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July 26, 2012

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8:24 a.m. ET

Police overseeing the investigation into Monday night's suicide bombing at an Ariana Grande concert in Manchester have stopped sharing information with American counterparts, BBC News reports, after U.S. officials allegedly leaked information about the attacker and his explosive to the press before British police wanted the information released. The Greater Manchester Police are "furious" at the leaks, BBC News says, and there is "disbelief and astonishment" across the British government at photos of the exploded bomb published in The New York Times.

Home Secretary Amber Rudd said she is "irritated" by the U.S. leaks, Manchester Mayor Andy Burnham said late Wednesday the information leaking "troubles him" and he's "made known my concerns about it to the U.S. ambassador," and in a statement on Wednesday, Britain's National Police Chiefs' Council said such "unauthorized" disclosures undermined this "major counter-terrorism investigation" and breached bonds of trust. Prime Minister Theresa May said, when she arrives in Brussels Thursday, "I will make clear to President Trump that intelligence shared between our security agencies must remain secure."

Britain has arrested nine people in connection with the attack, with eight still in custody, and Libyan authorities detained attacker Salman Abedi's father and younger brother. Manchester Chief Constable Ian Hopkins said Wednesday that "it's very clear that this is a network that we are investigating."

"The police decision to stop sharing information specifically about the Manchester attack with their security counterparts in the U.S. is a hugely significant move and shows how angry British authorities are," says BBC home affairs correspondent Dominic Casciani. "The information from the crime scene wasn't shared on a whim: the British and Americans have a lot of shared world-leading expertise in improvised explosive devices and scientists would be discussing whether the Manchester device tells them something new that could, ultimately, track down a bombmaker." Other British officials said Americans also leaked key information too early after the last major terrorist attack in Britain, back in July 2005. Peter Weber

8:10 a.m. ET
STEPHANIE LECOCQ/AFP/Getty Images

If you've been following President Trump's obsession with his election win, and his seeming inability to make small talk about much else, it should come as absolutely no surprise at all that he is boasting about it to world leaders abroad, too.

Trump reportedly "brought up [the] size of his election victory" at the European Union headquarters with European Council president Donald Tusk and European Commission head Jean-Claude Juncker on Thursday morning, an EU official said.

Ahead of Trump's trip, world leaders were reportedly advised to "praise" Trump's Electoral College win. Trump had compliments for more than just himself, though: Upon meeting French President Emmanuel Macron, Trump admired the new president's "incredible campaign" and "tremendous victory." Jeva Lange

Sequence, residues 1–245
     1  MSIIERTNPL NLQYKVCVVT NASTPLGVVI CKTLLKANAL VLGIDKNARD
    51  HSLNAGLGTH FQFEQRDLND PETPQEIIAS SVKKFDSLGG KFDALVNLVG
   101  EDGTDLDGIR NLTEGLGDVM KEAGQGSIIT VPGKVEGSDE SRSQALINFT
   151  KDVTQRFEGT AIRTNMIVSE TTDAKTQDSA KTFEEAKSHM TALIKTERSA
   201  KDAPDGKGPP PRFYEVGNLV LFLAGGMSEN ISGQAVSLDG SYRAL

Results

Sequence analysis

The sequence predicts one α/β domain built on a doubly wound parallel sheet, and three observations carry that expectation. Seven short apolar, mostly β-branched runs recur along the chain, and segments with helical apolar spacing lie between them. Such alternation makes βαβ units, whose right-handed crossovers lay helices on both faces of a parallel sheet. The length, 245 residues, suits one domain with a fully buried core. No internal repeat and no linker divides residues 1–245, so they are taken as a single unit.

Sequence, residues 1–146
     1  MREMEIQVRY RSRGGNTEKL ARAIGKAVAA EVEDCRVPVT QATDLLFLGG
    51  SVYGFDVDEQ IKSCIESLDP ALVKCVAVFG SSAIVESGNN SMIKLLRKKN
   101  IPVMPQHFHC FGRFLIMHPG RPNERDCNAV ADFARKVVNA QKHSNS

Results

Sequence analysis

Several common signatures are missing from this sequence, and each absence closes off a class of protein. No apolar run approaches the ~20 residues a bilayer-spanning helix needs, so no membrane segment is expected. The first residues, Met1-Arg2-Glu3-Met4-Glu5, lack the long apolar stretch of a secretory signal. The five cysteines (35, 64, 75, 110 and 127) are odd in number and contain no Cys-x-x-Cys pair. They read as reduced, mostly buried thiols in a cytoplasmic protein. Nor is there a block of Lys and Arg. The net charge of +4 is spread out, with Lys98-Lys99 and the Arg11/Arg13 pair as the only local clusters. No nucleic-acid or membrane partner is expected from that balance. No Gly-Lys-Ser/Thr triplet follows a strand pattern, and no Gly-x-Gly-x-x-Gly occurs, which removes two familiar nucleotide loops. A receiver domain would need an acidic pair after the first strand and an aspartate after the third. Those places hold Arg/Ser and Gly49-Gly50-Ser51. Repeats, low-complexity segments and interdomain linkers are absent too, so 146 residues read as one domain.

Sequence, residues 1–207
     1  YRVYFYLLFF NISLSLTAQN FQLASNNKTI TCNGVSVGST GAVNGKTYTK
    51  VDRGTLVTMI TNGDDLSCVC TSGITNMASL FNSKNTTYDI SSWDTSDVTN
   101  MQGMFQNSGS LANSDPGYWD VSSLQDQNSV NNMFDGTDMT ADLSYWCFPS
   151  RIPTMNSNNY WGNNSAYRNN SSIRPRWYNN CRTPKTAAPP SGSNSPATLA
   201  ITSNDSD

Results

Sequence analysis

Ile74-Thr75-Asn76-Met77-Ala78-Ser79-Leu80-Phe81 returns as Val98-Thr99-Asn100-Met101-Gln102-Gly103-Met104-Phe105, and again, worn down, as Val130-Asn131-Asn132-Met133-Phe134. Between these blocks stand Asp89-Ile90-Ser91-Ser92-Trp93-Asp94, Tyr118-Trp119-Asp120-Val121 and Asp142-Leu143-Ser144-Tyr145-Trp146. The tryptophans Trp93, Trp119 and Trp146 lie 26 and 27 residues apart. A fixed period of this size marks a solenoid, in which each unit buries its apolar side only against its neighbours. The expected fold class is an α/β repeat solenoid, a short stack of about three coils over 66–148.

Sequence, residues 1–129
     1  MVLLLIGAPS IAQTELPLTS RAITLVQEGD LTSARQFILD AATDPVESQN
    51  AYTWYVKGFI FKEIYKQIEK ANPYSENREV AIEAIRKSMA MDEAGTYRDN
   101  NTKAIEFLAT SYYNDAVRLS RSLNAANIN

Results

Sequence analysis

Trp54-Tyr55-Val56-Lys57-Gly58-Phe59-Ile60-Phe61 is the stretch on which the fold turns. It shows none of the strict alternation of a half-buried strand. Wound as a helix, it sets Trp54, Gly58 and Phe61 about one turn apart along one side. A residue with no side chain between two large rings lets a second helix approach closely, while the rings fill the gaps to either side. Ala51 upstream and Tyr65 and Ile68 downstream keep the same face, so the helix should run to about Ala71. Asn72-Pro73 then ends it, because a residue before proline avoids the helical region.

7:37 a.m. ET
Justin Sullivan/Getty Images

Montana goes to the polls Thursday to vote in a special election for the House seat vacated by Interior Secretary Ryan Zinke. On the ballot is Democrat Rob Quist, a folk singer, and Republican multimillionaire Greg Gianforte, who has consistently led the polls despite Quist's recent gains.

The race, described by Gianforte as "closer than it should be," is an uncomfortable repeat for Republicans of close, but ultimately Republican-won, special elections in Kansas and Georgia. Elections like Montana's could indicate how a deeply unpopular president in the White House could influence Republican victories nationwide in 2018.

Complicating matters, Gianforte was charged with misdemeanor assault for attacking a reporter on Wednesday; 37 percent of registered voters have already voted absentee, the Billings Gazette reports. Read more about Quist's chance to win the deep-red state here at The Week. Jeva Lange

6:59 a.m. ET

On Thursday in Brussels, President Trump will meet for the first time with leaders of the European Union and NATO, the 27-member alliance he once dismissed as "obsolete." Trump arrived in Brussels on Wednesday, after a stop in Italy, and after meeting at the European Union headquarters with European Council president Donald Tusk and European Commission head Jean-Claude Juncker on Thursday morning, Trump will have a private lunch with new French President Francois Macron then gather with fellow NATO leaders.

Trump says he wants to get a NATO commitment to join the fight against the Islamic State, and NATO will almost certainly agree, though some members won't commit military support to the ISIS fight. Trump will also likely ask NATO members to commit to higher military spending, while other nations will be looking for a firm commitment from Trump to support NATO's Article 5 collective-defense pledge. Some 9,000 protesters greeted Trump when he landed in Brussels, and more protests are planned for Thursday, though tight security means the president won't have to confront them. Late Thursday, Trump departs for Sicily and a G7 summit, the final leg of his overseas trip. You can watch Trump arrive at EU headquarters below. Peter Weber

6:19 a.m. ET

Greg Gianforte, the Republican candidate for Montana's at-large House seat, was charged with misdemeanor assault on Wednesday night after he body-slammed a reporter, Ben Jacobs of The Guardian, for asking him questions about the GOP health-care bill, according to accounts by Jacobs and three witnesses from Fox News. Late Wednesday and early Thursday, three Montana newspapers — the Missoulian, the Helena Independent Record, and the Billings Gazette — rescinded their endorsements of Gianforte, in no uncertain terms. The election is Thursday.